High Blood Pressure Diet & Lifestyle Changes

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High blood pressure is a common and potentially serious condition. However, a high blood pressure diet may be a good approach to help remedy the situation. By following a high blood pressure diet similar to the DASH diet, you may be able to reduce blood pressure by a few points in as little as two weeks. And by sticking to a high blood pressure diet, over time, your systolic blood pressure could drop by eight to 14 points. (1) These changes in numbers could make a significant difference in your health risks. And it could all start by choosing and sticking to a high blood pressure diet.

Some of the best foods that lower blood pressure include: (2)

1. Garlic

Garlic may be one of the foods that lower blood pressure quickly. A study published in the July-August 1993 issue of the journal “Pharmacotherapy” found that garlic reduces blood pressure. In this study, participants who had severe hypertension were given a garlic solution of 2,400mg of garlic containing 1.3 percent allicin, an organosulfur compound found in garlic that has anti-fungal and antibacterial properties. In less than five hours, the participants’ sitting blood pressure fell 7/16 mm Hg. And within five to 14 hours, all their diastolic pressures dropped dramatically. (3)

2. Vegetables

It’s not likely news to you that eating vegetables is a part of any healthy diet. Sure enough, veggies are great for lowering blood pressure, too. A report published in the Journal of the American Medical Association found that people who ate a mostly plant-based diet reported lower blood pressure readings than meat eaters who were likely to consume less fresh produce. (4)

2. Fresh Fruit

Consuming fresh fruit, especially citrus fruits, has shown to lower blood pressure. Opt for fresh fruit in its natural form, as opposed to canned fruit or fruit with added sugar. (5)

 

3. Beans and Legumes

Lentils, chickpeas, and black beans are great sources of fiber, and fiber may help to lower blood pressure. (7) They’re a great choice for vegans and vegetarians and they’re low in sodium as well as low in calories. If you buy the canned variety, be sure to rinse the extra sodium off in a strainer before consuming.

4. Healthy Fats

Healthy fats, such as nuts, seeds, and avocados are all excellent choices to incorporate in a diet to lower blood pressure.

High cholesterol is associated with a risk of cardiovascular disease. With the buildup up plague comes the increased difficulty for blood to pass through arteries, leading to high blood pressure. A study published in The American Journal of Clinical Nutrition states that replacement saturated fat with polyunsaturated or monounsaturated fat lowers both LDL and HDL cholesterol. (8)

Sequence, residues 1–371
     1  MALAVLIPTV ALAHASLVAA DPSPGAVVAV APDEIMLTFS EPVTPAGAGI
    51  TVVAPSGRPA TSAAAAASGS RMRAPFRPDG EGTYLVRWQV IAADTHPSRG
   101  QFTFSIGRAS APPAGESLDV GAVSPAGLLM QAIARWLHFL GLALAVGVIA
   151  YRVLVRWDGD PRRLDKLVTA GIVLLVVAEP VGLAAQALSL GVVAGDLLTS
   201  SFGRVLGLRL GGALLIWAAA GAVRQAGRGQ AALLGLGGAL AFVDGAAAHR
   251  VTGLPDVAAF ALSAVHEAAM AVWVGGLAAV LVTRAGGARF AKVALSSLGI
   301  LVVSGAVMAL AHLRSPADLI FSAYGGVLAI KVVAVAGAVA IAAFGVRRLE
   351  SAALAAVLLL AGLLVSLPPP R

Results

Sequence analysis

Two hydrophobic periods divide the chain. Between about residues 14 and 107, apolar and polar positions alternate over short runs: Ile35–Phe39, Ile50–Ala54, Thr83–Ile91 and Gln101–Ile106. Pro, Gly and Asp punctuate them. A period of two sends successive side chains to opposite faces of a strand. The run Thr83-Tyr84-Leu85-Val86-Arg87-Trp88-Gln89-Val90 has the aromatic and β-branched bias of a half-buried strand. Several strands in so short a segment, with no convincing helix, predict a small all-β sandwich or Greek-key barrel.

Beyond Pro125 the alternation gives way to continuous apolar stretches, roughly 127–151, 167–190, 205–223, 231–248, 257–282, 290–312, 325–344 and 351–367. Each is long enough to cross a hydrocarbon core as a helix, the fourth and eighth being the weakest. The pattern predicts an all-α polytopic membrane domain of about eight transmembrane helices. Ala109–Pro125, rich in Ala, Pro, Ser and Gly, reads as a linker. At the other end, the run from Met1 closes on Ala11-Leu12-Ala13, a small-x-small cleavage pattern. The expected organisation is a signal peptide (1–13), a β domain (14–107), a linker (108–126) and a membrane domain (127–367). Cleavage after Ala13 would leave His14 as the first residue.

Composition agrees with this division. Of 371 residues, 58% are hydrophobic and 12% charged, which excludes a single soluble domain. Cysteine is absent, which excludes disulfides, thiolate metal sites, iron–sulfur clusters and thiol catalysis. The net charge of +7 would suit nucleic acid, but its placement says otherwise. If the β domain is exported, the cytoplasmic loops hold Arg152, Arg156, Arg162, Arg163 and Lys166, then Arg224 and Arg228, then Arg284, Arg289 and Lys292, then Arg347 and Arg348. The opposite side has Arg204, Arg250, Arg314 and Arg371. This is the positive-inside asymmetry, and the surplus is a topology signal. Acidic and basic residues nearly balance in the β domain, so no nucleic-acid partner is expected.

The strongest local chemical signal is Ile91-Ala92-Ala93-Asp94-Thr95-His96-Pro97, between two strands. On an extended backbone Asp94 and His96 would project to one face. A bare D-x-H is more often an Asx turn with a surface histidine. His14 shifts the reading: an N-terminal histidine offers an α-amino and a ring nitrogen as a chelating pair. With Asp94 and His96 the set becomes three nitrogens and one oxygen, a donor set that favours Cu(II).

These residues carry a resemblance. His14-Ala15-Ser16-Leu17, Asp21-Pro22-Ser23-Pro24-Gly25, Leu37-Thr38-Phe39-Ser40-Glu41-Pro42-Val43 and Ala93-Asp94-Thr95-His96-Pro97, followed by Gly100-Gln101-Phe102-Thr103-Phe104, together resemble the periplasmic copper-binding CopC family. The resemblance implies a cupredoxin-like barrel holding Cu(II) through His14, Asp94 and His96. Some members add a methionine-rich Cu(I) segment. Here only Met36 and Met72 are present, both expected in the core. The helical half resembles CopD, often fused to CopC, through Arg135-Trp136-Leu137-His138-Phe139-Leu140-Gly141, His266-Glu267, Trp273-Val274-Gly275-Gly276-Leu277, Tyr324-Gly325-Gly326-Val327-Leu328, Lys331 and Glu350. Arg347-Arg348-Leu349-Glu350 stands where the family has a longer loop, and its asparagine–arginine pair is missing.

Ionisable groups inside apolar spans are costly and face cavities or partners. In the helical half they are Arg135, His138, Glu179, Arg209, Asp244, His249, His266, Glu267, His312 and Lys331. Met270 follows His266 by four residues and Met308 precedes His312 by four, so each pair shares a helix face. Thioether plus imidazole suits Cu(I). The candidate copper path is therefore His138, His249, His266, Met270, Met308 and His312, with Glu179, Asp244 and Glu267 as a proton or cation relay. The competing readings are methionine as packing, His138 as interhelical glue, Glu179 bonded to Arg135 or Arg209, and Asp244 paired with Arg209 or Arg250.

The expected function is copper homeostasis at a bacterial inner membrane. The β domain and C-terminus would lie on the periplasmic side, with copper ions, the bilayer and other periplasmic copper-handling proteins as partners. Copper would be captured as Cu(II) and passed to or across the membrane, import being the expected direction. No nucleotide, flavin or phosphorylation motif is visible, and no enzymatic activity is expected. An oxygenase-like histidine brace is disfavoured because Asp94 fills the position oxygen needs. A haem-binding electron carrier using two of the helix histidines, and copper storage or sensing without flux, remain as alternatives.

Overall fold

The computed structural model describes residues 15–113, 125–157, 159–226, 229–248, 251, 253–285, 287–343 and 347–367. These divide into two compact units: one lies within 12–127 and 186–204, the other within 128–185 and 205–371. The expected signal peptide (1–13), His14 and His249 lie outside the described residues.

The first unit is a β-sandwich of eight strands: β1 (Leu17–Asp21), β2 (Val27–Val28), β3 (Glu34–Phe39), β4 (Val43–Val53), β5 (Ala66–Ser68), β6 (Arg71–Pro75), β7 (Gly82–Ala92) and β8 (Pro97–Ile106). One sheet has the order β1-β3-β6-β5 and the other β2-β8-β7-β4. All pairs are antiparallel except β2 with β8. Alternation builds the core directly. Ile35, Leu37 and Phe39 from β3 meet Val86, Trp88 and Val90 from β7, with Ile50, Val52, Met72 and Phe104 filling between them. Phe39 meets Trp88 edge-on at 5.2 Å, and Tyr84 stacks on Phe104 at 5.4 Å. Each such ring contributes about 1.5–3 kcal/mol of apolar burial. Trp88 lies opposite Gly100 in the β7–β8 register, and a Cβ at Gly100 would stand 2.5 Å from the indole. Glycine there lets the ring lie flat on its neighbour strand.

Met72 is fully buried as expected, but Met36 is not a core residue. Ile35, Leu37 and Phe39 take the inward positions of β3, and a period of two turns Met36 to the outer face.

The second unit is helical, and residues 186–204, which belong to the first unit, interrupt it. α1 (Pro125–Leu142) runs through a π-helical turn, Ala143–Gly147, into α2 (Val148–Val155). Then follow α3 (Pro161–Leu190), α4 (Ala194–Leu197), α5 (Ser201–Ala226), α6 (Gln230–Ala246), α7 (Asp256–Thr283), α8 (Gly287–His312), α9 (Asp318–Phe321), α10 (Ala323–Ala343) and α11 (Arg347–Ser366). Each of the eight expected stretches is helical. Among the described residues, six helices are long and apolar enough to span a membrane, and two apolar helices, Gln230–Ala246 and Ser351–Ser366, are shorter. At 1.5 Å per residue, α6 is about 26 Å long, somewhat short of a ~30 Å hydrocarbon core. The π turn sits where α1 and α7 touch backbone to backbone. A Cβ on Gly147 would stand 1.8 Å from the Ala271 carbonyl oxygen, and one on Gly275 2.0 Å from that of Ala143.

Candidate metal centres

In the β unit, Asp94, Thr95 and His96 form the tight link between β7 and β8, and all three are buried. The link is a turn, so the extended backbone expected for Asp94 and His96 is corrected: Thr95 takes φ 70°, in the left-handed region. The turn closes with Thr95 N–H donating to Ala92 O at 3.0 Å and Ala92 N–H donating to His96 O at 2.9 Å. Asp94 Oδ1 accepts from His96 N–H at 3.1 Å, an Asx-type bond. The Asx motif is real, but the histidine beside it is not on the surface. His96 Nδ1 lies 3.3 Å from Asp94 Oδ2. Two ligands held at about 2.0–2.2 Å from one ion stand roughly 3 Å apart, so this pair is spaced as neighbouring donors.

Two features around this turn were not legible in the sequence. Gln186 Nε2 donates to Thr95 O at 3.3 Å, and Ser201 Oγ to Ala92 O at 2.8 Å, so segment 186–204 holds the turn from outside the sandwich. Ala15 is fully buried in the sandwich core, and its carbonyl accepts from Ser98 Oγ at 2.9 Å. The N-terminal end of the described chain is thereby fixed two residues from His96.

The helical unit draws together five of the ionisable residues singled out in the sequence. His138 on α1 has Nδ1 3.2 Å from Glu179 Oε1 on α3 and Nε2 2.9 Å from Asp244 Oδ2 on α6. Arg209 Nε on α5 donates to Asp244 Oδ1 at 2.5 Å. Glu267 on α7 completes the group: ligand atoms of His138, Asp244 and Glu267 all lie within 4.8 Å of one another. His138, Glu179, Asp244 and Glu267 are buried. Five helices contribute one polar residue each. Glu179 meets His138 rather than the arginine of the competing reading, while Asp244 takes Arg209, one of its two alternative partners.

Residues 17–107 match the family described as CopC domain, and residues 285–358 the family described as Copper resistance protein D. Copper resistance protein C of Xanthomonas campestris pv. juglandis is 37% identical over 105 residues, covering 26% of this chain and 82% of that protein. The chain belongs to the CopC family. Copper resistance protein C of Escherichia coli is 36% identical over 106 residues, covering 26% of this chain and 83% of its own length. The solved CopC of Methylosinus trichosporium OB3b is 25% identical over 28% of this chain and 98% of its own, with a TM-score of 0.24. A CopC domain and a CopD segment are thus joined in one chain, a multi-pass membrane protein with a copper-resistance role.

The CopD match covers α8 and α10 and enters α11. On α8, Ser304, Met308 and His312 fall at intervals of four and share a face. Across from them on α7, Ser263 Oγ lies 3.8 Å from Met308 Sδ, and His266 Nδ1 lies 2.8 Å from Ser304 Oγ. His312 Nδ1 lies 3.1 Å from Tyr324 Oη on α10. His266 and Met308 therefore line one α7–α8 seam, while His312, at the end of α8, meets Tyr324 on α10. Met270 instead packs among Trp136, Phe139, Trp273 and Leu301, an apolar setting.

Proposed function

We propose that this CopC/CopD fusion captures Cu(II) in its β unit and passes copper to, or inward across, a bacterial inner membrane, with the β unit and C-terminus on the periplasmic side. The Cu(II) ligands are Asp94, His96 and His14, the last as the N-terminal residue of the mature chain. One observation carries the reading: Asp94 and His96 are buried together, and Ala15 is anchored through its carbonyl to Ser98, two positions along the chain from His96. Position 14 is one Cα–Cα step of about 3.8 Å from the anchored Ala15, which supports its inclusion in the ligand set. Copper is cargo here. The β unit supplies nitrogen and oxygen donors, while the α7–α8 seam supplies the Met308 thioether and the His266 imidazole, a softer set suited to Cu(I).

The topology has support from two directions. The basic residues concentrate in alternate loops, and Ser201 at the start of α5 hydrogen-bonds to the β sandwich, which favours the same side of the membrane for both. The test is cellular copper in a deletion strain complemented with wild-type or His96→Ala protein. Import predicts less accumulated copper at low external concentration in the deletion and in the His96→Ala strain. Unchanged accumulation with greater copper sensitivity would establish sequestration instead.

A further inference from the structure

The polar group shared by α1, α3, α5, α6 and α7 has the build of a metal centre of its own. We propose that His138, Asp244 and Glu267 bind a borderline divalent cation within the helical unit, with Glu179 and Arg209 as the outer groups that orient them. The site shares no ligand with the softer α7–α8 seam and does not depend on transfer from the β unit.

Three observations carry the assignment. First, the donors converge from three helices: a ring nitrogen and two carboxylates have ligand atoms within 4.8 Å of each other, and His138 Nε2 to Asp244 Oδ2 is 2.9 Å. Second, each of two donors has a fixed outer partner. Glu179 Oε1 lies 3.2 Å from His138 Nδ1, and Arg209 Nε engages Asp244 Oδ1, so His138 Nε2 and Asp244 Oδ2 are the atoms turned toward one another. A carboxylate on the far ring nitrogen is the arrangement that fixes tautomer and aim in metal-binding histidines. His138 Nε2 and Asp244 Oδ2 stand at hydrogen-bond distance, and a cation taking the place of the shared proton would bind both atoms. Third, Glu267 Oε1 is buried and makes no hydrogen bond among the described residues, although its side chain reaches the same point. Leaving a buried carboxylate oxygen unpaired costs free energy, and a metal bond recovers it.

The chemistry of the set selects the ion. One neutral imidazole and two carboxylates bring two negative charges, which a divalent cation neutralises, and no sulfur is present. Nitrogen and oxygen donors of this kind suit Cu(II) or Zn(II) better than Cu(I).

5. 100 Percent Whole Grains (Preferably Sprouted)

Whole grains are encouraged in high blood pressure diet plans. This is because they’re a good source of fiber. They also contain minerals known to lower blood pressure, especially compared to refined carbohydrates. (9)
Some examples of whole grains to eat in moderation include sprouted grains such as brown rice, amaranth, buckwheat, and quinoa. (10)

6. Low-Fat Dairy Products

Low-fat dairy products, such as kefir or unsweetened, organic yogurt, have been shown to have a positive effect on some people who deal with high blood pressure. (11)

There are also foods to avoid with high blood pressure, such as processed foods, as they tend to be high in sodium. You also want to limit red meat, saturated and trans fats. (12) Furthermore, there are a few tips and lifestyle changes you can put into practice that will help you maintain a healthy blood pressure range.

These tips and lifestyle changes include:

1. Cook More at Home

Treating high blood pressure without medicine is easier when you eat out less and cook at home more. It will help keep our diet as unprocessed as possible. Making nutrient-dense meals at home will help you avoid excess sodium and sugar, while boosting blood-pressure lowering nutrients such as potassium, antioxidants and fiber. (13)

2. Increase Fiber Consumption

As mentioned above, fiber can help prevent hypertension. Almost all unprocessed plant foods have plenty of fiber, so choose a variety to consume every day. (14)

3. Lower Your Sodium Intake

If you have high blood pressure, you really need to watch your sodium intake. High amounts of sodium worsens high blood pressure by impacting fluid retention and how arteries dilate. (15)

Sodium in and of itself isn’t bad. However, the standard American diet involves entirely too much sodium and far too little potassium and magnesium. (16)

4. Get More Potassium

Too little potassium in conjunction with too much sodium contributes to high blood pressure. (17) Winter squashes, bananas, beans, and avocados are all great sources of potassium. (18) The right balance of potassium and sodium are is needed in order to perform a number of important functions. (19)

5. Stay Hydrated

Studies suggest water might help control blood pressure. (20) Instead of reaching for juice, soda, coffee or tea, reach for a glass of water and refill it several times throughout the day.

6. Practice Portion Control

Some diets for high blood pressure emphasize portion control. When it comes to dieting, some people become frantic, fearing they will never be able to eat their favorite foods again. Focus on filling up on healthy options, first. This will help you control cravings for the wrong foods, or at least not eat so much of it. (21)

Sources:
1. Mayo Clinic
2. Berkeley Wellness
3. Online Library 
4. The JAMA Network
5. NCBI
6. NCBI
7. Web MD
8. NCBI
9. NCBI
10. US News
11. NCBI
12. Heart.org
13. Mercola
14. NCBI
15. Eufic
16. Livestrong 
17. Harvard Health Publishing
18. Web MD
19. Health Communities 
20. Science Daily
21. Family Doctor

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